Where are all the men?

Collage of artwork featuring only female subjects
Screenshot of Art for Adults

Where are all the men?

This does seem like a ridiculous question, seeing as our movies, books, video games and music are stuffed to the brim with men, but this is something I've noticed for a long time. Why are there no men in art? Where are the male models? Where is the male figure? When I browse around art blogs and galleries, the thing I notice first is that the artwork almost always features women. Women's legs, waists, hair, butts, breasts and faces are a near-ubiquitous feature of artwork, both modern and historical.


The reason is that men aren't beautiful. Our society thinks it's impossible that male bodies can be beautiful in their own right. A male body is only attractive in as much as it demonstrates masculine power and agency, while female bodies are beautiful (well, erotic) on their own. As a woman, it's very difficult for me to imagine getting up in the morning and going about my morning routine and never once fussing about my appearance. I can't imagine not checking myself out in a mirror; I can't imagine not having days where I felt amazing and sexy, and days where I felt frumpy and ugly. I can't imagine never once catching someone's eyes doing a once-over from my feet to my hair. I can't imagine not browsing through magazines that bombard me with ways to be more attractive. Most of all, I can't imagine never (or, rarely) seeing images of someone my sex presented as beautiful.

At this point you're probably thinking, "Oh, those poor menz, they don't have to be measured against society's unreasonable expectations with every single human interaction. How terrible! Cry me a river!"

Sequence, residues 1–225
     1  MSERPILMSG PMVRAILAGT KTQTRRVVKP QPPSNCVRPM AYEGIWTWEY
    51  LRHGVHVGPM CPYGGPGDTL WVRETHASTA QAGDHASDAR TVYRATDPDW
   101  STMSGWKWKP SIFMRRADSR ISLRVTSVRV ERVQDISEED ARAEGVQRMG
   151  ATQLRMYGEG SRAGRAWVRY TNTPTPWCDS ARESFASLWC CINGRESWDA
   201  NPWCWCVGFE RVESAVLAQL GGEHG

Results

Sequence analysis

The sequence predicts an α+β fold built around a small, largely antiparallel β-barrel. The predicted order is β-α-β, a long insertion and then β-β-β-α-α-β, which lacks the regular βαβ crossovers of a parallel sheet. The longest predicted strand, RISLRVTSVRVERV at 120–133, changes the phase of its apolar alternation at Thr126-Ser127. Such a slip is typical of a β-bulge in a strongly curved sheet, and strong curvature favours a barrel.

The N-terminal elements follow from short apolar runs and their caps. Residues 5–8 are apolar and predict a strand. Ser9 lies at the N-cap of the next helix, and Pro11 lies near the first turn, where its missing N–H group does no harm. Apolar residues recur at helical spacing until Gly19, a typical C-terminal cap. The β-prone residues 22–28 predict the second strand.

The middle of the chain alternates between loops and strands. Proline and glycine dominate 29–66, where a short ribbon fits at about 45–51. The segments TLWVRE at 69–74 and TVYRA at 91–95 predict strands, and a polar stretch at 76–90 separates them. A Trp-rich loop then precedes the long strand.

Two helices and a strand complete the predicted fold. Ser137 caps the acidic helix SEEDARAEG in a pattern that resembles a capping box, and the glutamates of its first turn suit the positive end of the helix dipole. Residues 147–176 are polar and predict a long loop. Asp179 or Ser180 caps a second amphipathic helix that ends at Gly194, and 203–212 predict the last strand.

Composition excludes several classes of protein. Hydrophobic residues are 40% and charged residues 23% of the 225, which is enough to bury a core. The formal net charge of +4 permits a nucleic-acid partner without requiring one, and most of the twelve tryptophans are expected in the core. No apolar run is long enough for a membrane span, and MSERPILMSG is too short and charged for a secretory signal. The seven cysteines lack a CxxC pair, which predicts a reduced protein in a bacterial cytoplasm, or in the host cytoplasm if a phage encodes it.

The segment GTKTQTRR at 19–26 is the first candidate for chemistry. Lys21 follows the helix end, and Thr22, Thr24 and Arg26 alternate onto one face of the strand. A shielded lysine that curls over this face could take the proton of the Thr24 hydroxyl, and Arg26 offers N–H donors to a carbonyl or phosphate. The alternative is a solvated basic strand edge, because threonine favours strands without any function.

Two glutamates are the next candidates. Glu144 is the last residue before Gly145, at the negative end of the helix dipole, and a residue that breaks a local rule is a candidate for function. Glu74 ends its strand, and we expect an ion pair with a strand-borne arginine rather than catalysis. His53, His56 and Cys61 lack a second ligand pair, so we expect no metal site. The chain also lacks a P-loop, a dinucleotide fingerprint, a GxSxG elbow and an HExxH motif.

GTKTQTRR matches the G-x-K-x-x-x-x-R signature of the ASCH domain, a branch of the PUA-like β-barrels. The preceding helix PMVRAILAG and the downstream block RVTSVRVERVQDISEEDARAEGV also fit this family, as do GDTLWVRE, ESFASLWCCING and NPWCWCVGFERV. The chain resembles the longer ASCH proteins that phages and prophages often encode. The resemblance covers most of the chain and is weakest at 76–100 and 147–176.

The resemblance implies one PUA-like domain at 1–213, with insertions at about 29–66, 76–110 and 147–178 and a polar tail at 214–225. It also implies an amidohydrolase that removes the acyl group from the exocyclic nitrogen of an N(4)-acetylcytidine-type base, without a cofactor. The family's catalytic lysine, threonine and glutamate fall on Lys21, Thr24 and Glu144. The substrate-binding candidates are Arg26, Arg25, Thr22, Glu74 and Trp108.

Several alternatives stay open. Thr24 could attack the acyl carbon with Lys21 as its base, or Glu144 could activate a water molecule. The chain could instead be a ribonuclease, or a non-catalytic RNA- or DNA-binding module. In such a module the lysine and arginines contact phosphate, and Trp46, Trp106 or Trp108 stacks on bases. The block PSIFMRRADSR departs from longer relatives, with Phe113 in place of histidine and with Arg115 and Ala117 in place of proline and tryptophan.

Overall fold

And yes, you'd be right. In fact, you'd be exactly right. The primary reason I despise critical attitudes of women's appearance isn't that there are beauty standards that cause body image issues... it's that it's not fair. A woman's whole life is centered around her appearance, while men's whole life is centered around his success. And this is bad for everyone.

We use female bodies as decorations because they're so beautiful! Where, then, are the beautiful male bodies? The only time we feature male bodies, they are sexual. And when they're sexual, they're often considered a joke. When the male body in question is attractive (I.E. is a well-muscled, powerful and heavily masculine body), the joke is at the expense of female desire. When the male body doesn't meet those requirements, the joke is at the man's expense.

Girls grow up thinking they aren't beautiful. Boys grow up knowing they can never be beautiful. Girls grow up thinking that they are a particularly unattractive example of an attractive archetype, while boys grow up with the awareness that now matter what they do, no one will ever consider them - or someone like them - beautiful.

I think this is the fundamental reason that very few men "get" what's so bad about being hit on by strangers. Being catcalled or yelled at while walking down the street is seen as a compliment to men. They don't experience an entire culture's worth of sexualization, harassment and abuse. Instead, when it comes to their physical bodies, they have a null area in their self-esteem that is filled by such "compliments."

Let's look at it from the other perspective.

Every once in a while, I'll see an attempt from someone to demonstrate how ridiculous the representation of women is by swapping the genders: